What does it take for a first-generation college student to become a Fortune 500 CEO?
A superior undergraduate education, according to two highly accomplished alumni who credit their Bucknell experience with their success in the business world. In gratitude, they've endowed faculty positions in the School of Management, which is just months away from becoming a college.
David West, who graduated in 1985, and his wife, Deborah, recently created the David J. and Deborah West Professorship of Management, which will support the interdisciplinary approach to business education David values.
"The opportunity to go to Bucknell was a critical point for me," said West, who has helmed the Hershey Co. and Del Monte Corp., among other food industry leaders. "The combination of the business curriculum in a liberal arts education, the small classes and the ability to spend time with my professors has served me well throughout my career."
Endowed faculty positions help the University recruit highly sought-after professors in a competitive market and reward current faculty members for outstanding teaching and scholarship. The timing of the gift adds depth to the School of Management as it continues its transition to a college on July 1, a process that was approved unanimously by the Board of Trustees in October 2015.
"As the curriculum, the program and the rigor expand, Bucknell needs the resources to stay rooted in the high-touch, personalized environment," West noted. "We wanted to help the management program grow but also keep it anchored in the liberal arts. If you can learn big-picture thinking at the college level, you'll carry that forward with you into the working world."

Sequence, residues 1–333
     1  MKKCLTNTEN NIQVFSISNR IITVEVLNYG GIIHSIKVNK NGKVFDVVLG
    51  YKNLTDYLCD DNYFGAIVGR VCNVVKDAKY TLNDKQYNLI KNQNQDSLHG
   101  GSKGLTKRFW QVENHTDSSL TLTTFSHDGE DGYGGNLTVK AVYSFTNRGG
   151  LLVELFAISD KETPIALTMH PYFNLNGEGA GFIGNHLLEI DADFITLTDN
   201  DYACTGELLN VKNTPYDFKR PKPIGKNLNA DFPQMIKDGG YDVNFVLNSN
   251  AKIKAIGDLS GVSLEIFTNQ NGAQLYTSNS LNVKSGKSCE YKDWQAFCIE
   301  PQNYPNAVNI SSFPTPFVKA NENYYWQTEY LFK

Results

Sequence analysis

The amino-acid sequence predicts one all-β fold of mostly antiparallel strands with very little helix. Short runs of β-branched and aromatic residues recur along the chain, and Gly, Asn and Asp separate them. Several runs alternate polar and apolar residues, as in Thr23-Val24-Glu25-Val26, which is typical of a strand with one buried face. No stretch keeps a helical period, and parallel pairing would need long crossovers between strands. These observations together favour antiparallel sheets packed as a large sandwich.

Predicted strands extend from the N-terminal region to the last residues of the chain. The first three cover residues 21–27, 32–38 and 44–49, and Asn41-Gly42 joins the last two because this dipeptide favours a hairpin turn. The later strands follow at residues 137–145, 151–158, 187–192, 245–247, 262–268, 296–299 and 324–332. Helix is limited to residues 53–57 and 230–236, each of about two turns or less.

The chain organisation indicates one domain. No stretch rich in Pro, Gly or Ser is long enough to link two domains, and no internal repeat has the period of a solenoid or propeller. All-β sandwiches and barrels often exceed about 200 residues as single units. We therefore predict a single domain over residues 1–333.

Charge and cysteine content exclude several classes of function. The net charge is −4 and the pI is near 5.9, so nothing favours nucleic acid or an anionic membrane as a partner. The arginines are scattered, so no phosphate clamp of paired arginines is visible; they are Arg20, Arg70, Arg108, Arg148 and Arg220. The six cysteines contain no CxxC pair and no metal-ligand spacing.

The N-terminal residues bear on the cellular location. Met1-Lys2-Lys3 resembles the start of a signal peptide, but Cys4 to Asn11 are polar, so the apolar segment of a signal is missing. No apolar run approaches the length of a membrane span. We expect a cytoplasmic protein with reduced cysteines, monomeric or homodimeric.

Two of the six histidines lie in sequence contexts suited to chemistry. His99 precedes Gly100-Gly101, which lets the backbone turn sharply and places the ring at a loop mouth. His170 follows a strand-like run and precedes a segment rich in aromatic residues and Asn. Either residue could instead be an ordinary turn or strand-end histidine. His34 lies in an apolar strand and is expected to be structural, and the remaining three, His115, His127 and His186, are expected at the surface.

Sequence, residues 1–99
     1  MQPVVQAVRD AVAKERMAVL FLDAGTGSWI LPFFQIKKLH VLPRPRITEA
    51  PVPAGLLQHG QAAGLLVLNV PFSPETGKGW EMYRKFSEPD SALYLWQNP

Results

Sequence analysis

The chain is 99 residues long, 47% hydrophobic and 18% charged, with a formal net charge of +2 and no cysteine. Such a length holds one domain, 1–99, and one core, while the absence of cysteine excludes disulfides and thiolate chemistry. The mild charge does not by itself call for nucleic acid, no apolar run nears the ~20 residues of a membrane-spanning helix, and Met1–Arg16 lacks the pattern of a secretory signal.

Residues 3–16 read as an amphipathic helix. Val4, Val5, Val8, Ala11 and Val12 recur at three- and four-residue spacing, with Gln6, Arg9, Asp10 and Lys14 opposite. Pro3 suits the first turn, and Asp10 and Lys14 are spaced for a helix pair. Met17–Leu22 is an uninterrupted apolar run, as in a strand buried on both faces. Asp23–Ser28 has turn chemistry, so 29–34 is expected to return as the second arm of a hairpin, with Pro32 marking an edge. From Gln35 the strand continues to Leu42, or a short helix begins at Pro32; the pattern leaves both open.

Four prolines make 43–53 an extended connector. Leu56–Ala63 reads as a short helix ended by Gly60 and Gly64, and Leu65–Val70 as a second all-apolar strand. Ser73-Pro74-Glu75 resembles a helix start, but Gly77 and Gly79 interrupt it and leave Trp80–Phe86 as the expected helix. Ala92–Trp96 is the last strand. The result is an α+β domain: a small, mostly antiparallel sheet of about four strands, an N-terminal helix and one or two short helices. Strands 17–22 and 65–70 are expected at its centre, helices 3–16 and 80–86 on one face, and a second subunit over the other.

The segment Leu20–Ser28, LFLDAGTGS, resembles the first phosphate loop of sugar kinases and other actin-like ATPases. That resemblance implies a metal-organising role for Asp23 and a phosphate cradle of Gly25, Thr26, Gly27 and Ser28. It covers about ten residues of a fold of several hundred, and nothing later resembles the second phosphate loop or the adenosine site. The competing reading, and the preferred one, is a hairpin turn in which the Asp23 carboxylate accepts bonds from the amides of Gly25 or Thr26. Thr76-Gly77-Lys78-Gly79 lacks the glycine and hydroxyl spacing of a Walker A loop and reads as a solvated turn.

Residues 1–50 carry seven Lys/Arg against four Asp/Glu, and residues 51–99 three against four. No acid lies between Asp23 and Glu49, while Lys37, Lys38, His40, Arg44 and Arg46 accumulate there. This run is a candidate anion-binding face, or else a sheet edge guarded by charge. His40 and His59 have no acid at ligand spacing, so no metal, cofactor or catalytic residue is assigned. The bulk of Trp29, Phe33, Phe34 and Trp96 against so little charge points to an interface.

Dean of Management The Wests' gift is the second management faculty position created by donors as part of WE DO, The Campaign for Bucknell University. In December, the University announced the hiring of Raquel Alexander, the first-ever Kenneth W. Freeman Professor & Dean of Management. The position is funded by an endowed gift from Freeman, a member of the Class of 1972 and chairman of the Bucknell Board of Trustees, and his wife, Janice.
"Leadership matters," said Freeman, who, like West, was a first-generation college student. "In business, nothing happens without people — even in the digital age. Having exceptional faculty and a strong staff is key. The dean will play a highly influential role in setting the agenda of the college, and advocating for and advancing it in the outside world."
Having enjoyed great success in the private sector, most notably as chairman and CEO of Quest Diagnostics, Freeman is now the Allen Questrom Professor & Dean of the School of Management at Boston University. This is an exciting moment for Bucknell, he said.
"When I was at Bucknell in the late '60s, the College of Management was disbanded, and it became a department," Freeman noted. "We've come full circle to a point where the College of Management will play an important role in the future direction of Bucknell, with the expectation of greatness across Bucknell, in the arts & sciences, engineering and management. I know of no other university of our size that has distinction in all three areas. This is a huge opportunity for Bucknell in shaping future leaders."
"The Freeman position and the Wests' gift both strengthen the whole University and our unusual combination of professional programs, which are deeply integrated into the liberal arts programs central to Bucknell," Altmann said. "As a college, management will continue to strengthen its collaboration with faculty and students in both the arts & sciences and engineering. The new endowed professorship and the Freeman deanship allow us to recruit and retain the best possible people for what is a unique undergraduate program in management and a distinctive component of Bucknell's academic offerings."
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